Conclusions, Part 1

While the Deepcool coolers were unique in their own ways, the conclusions I came to with them were basically the same. Most of them were fairly underwhelming with little to really recommend them, and today's testing pretty much puts the final nail in that coffin. None of them really stand up particularly well to the already widely available Cooler Master Hyper 212 EVO. The Deepcool Frostwin continues to be the highlight of their lineup, but if you need to go lower clearance than that, Noctua certainly has you covered.

I'm drawing conclusions on the individual coolers because each one arguably has something to offer in its own right that goes beyond absolute performance.

Noctua NH-D14

The Noctua NH-D14 performed admirably, and if for whatever reason a closed loop cooler isn't on your list, the D14 is about as good as it gets on American shores (at least until we get hardware from Prolimatech or Thermalright in for review.) SilverStone's Heligon HE01 can hit the same performance levels, but it produces much higher noise in the process. You'll pay a pretty penny for the NH-D14, but it definitely feels like a quality cooler. Installation is sturdy, and performance and acoustics are very good.

Noctua NH-L12

The Noctua NH-L12's performance isn't exceptional, but it has one very important ace in the hole: it has a fairly low profile. In situations where a tower cooler simply isn't going to be an option, Noctua's NH-L12 offers decent performance and excellent acoustics. With the 120mm fan installed, the cooler's height is 93mm; remove it, and it's down to just 66mm. I also experienced no clearance issues with the NH-L12, even on the fairly crowded mITX board used for testing.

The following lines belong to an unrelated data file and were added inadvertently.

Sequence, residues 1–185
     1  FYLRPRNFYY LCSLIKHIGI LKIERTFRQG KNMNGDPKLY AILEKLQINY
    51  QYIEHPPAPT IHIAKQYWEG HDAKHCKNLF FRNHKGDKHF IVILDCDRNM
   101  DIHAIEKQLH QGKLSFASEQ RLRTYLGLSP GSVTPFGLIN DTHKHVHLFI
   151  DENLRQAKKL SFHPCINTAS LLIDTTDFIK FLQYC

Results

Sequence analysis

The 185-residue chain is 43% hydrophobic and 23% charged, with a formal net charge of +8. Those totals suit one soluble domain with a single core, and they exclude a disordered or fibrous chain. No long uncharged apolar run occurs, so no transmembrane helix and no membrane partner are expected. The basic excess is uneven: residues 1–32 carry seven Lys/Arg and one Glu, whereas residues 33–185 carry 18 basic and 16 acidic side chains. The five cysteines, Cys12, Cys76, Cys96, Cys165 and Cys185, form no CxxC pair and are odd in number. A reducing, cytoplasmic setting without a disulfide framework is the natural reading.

Noctua NH-L9i

While the other coolers definitely have something to offer above and beyond the Intel stock cooler in every way but clearance, the Noctua NH-L9i is a tougher sell. Essentially what you're paying for with this cooler is maximum compatibility and superior acoustics to the stock cooler. For many users that may very well be enough, but I suspect for a lot of people the price tag is going to make it a hard sell. At that point you may very well be better off looking to spend up on the NH-L12 if cooling performance and clearance are going to be sticking points.

SilverStone Heligon HE01

As a longtime fan of SilverStone's stuff, I approached the Heligon HE01 with some trepidation. Reviews for it elsewhere are generally favorable, but none are effusive. That typically means that the reviewer is being diplomatic. SilverStone's entrant doesn't perform poorly, but unfortunately runs into one major problem: nothing about it really recommends it over any of the other options available. If you're going to spend this much on an air cooler, you might as well go whole hog and grab Noctua's solution.

Silent Cooling Performance and Absolute Performance Conclusions, Part 2: be quiet! and Cooler Master


View All Comments

  • cjs150 - Thursday, March 14, 2013 - link

    Personally I would also prefer water cooling for the simple reason that a good (thick) 240/280 Radiator can cool both CPU and GPU and there is no need to worry about whether the RAM heatspreaders are too tall for the air cooler.

    What the result show is just how good the closed loop water coolers have become.

    However, there is no denying air cooling is simpler, less prone to messy accidents (I know!) and perfect for those who like to keep the computer on all the time. Nice review and keep up the good work
  • James086 - Friday, March 15, 2013 - link

    A minor caveat: be sure to point a fan at the ram and motherboard heatsinks. I didn't and because there was no airflow around my motherboard, it popped a VRM. Reply